This Label is Enough
By Kim Barrett
From inside my own head, I can only see myself. I am stuffed in here with only my own thoughts and feelings. I only have one way of perceiving the world: mine. My head is where I am alone.
I’ve never been very good at empathy. I can imagine myself in a situation but only as myself; I can’t imagine how someone else might react differently. Looking at the state of the internet, it seems like that’s something other people struggle with as well.
If I could open my head and pour out everything I know and understand, you would maybe be able to understand my choices, my feelings, my life better than any flawed attempt at communication. But if I could do that you’d be able to help me too.
“Hey, I recognize this one.” You could say, poking at the soup of thoughts, feelings and
reactions that has sloshed in front of you. “The way you feel about people of all genders. That’s pretty common among bisexual people. You’re allowed to use that label.”
External validation is never necessary, particularly when we can only be judged by our
actions. Bisexual people who have only dated people of one gender; trans people who haven’t transitioned (or don’t want to); disabled people who never received an official diagnosis. They’re allowed to identify however feels right for them.
People who have exactly the same feelings about something may process them differently and come to different conclusions about what that feeling means for them. Our experiences can only be processed through the lens of what has already happened to us.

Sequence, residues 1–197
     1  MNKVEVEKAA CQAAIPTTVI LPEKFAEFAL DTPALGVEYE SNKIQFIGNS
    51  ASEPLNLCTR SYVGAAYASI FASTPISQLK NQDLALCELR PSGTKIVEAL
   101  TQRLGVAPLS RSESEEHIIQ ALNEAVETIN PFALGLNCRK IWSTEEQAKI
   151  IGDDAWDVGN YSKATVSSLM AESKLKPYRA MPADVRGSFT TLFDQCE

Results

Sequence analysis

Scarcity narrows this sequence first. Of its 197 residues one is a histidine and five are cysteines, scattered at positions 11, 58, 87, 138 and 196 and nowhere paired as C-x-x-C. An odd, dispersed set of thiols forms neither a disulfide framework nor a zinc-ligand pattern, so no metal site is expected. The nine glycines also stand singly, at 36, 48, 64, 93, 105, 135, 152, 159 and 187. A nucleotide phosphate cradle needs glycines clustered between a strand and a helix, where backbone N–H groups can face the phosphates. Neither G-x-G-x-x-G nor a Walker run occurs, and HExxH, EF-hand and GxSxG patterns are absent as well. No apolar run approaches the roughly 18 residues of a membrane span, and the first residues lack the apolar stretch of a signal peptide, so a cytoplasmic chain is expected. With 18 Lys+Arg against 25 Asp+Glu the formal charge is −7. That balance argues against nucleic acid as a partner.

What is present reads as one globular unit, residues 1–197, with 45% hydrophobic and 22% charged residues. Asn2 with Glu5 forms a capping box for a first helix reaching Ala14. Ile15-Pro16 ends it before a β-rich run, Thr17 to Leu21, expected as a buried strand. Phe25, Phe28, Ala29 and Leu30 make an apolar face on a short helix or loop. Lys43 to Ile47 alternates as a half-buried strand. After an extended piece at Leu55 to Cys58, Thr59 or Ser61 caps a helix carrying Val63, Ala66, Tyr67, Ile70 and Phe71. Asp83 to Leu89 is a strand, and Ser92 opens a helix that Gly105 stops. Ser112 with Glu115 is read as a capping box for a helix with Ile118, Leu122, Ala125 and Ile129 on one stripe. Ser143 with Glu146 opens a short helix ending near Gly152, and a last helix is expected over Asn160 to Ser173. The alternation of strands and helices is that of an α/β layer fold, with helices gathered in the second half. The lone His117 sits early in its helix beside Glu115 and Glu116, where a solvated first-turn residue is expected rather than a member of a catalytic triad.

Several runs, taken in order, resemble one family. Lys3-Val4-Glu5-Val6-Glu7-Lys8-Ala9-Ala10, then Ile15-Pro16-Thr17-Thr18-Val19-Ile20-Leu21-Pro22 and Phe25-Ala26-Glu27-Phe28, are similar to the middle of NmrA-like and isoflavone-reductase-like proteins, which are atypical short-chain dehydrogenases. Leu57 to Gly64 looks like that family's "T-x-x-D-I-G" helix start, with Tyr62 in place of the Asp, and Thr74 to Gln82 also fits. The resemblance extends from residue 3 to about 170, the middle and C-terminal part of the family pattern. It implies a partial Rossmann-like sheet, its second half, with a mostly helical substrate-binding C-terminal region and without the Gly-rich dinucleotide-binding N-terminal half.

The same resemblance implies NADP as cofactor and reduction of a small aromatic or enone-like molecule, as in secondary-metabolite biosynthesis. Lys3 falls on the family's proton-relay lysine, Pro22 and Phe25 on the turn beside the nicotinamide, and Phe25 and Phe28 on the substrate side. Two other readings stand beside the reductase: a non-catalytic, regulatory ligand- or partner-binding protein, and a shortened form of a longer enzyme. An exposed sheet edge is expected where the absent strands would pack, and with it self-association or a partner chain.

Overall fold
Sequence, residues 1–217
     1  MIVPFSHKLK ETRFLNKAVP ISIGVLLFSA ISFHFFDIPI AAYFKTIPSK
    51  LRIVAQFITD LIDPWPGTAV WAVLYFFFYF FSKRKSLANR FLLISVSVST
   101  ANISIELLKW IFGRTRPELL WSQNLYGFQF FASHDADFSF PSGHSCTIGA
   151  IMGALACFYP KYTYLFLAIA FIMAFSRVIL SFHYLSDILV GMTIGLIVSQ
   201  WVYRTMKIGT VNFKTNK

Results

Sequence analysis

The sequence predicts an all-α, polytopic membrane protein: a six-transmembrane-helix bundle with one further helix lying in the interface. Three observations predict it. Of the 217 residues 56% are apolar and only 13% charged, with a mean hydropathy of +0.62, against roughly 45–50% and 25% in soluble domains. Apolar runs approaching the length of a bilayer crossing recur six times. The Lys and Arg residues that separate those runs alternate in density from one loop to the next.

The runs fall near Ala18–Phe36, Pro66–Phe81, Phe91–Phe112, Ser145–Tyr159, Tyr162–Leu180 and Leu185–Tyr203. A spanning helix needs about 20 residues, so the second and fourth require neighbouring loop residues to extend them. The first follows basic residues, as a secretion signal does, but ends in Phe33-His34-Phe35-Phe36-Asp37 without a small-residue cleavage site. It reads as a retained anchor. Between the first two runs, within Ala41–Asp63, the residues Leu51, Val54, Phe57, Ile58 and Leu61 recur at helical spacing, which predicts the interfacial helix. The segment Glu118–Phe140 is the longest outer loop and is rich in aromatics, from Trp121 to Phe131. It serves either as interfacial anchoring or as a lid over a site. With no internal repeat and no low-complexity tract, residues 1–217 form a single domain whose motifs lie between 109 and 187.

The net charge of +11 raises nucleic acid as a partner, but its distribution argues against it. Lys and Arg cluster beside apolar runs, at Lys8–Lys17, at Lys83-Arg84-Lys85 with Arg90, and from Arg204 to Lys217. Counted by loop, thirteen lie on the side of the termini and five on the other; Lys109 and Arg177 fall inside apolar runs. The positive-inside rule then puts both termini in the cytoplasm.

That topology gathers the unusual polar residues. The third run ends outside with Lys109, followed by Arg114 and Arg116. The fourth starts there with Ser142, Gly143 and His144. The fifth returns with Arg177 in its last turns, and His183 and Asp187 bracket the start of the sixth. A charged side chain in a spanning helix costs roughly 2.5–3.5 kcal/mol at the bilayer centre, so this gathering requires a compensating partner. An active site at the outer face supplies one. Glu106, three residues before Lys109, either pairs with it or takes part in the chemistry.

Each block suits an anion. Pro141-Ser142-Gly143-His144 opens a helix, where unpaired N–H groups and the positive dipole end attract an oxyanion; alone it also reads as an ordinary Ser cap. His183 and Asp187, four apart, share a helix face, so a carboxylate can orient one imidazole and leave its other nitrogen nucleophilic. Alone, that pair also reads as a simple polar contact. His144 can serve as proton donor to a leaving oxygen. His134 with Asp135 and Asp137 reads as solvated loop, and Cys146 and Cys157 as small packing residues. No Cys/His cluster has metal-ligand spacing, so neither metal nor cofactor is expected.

Even when we receive external validation, it may still take years of effort to understand what that label, diagnosis, identity means to you. For things where external validation is
impossible, understanding ourselves is all we can do. Then why do I want to pour my feelings and thoughts onto a table and let someone rummage
around inside them?
Because I want to know what feels normal. What is normal.
I want to know if I’m enough.
Am I gay enough to call myself gay? Am I comfortable enough in this gender? Am I queer enough to call myself queer? What even is sexual attraction when my brain is always running at a million miles an hour, too distracted to think about sex?
Am I in enough pain enough of the time to say that I’m in chronic pain? What about disabled, can I call myself that? When some days it hurts too much to walk but other days I feel fine, what label can I use to describe that? Does it hurt enough for me to ask for help?
Do I think my thoughts, does my brain work, the same way as everyone else? Do I think
more like this other group? Autistic. ADHD. Anxiety.
Finding these answers is too hard by myself. I don’t know how I’m supposed to be. I am
stuck inside my own head with only myself for company. Please tell me how you feel so I know the right way for me to feel.
I feel like an imposter in your world because I can never know if it is mine as well.
I can only find people to talk to. I can tell them how I feel. They can tell me how they’re
feeling. We can communicate in a wonderfully imperfect way about a terribly imperfect
I may not feel comfortable but I can feel safe, home, peace, calm, seen until my insecurities fall away.
That is all I know.
Am I normal?
Am I enough?
Well, who am I to say?
Kim Barrett (they/them) lives in Oxford, UK and writes about mental health, sexuality and the environment. Kim’s fiction has been published by Foglifter, Confluence and Tigershark and their non-fiction writing has appeared in the Huffington Post. You can follow Kim on Twitter or Instagram @kimbarrett92